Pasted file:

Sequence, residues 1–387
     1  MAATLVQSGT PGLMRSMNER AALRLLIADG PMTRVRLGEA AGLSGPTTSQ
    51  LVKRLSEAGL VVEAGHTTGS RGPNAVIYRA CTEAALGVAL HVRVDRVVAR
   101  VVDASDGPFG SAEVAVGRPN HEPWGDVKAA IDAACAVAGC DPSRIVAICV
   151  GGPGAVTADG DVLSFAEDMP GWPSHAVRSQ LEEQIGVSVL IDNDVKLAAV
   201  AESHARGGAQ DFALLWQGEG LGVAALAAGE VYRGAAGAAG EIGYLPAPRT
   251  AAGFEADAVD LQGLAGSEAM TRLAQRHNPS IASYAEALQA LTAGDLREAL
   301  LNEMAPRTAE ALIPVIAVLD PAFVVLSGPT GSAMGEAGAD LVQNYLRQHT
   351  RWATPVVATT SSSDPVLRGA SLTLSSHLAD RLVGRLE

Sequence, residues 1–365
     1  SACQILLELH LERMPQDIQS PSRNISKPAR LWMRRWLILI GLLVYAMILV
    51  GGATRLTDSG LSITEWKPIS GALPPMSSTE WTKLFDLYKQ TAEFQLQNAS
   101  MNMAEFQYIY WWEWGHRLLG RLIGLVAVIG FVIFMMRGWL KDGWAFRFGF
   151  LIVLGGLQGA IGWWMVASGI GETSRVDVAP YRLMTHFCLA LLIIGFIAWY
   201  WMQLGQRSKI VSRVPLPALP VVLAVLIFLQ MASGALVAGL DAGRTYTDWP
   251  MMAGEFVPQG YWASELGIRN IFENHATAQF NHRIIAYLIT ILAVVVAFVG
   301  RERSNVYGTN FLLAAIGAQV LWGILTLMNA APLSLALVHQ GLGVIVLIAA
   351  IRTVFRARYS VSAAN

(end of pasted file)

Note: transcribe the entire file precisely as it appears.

Sequence, residues 1–387
     1  MAATLVQSGT PGLMRSMNER AALRLLIADG PMTRVRLGEA AGLSGPTTSQ
    51  LVKRLSEAGL VVEAGHTTGS RGPNAVIYRA CTEAALGVAL HVRVDRVVAR
   101  VVDASDGPFG SAEVAVGRPN HEPWGDVKAA IDAACAVAGC DPSRIVAICV
   151  GGPGAVTADG DVLSFAEDMP GWPSHAVRSQ LEEQIGVSVL IDNDVKLAAV
   201  AESHARGGAQ DFALLWQGEG LGVAALAAGE VYRGAAGAAG EIGYLPAPRT
   251  AAGFEADAVD LQGLAGSEAM TRLAQRHNPS IASYAEALQA LTAGDLREAL
   301  LNEMAPRTAE ALIPVIAVLD PAFVVLSGPT GSAMGEAGAD LVQNYLRQHT
   351  RWATPVVATT SSSDPVLRGA SLTLSSHLAD RLVGRLE

Sequence, residues 1–365
     1  SACQILLELH LERMPQDIQS PSRNISKPAR LWMRRWLILI GLLVYAMILV
    51  GGATRLTDSG LSITEWKPIS GALPPMSSTE WTKLFDLYKQ TAEFQLQNAS
   101  MNMAEFQYIY WWEWGHRLLG RLIGLVAVIG FVIFMMRGWL KDGWAFRFGF
   151  LIVLGGLQGA IGWWMVASGI GETSRVDVAP YRLMTHFCLA LLIIGFIAWY
   201  WMQLGQRSKI VSRVPLPALP VVLAVLIFLQ MASGALVAGL DAGRTYTDWP
   251  MMAGEFVPQG YWASELGIRN IFENHATAQF NHRIIAYLIT ILAVVVAFVG
   301  RERSNVYGTN FLLAAIGAQV LWGILTLMNA APLSLALVHQ GLGVIVLIAA
   351  IRTVFRARYS VSAAN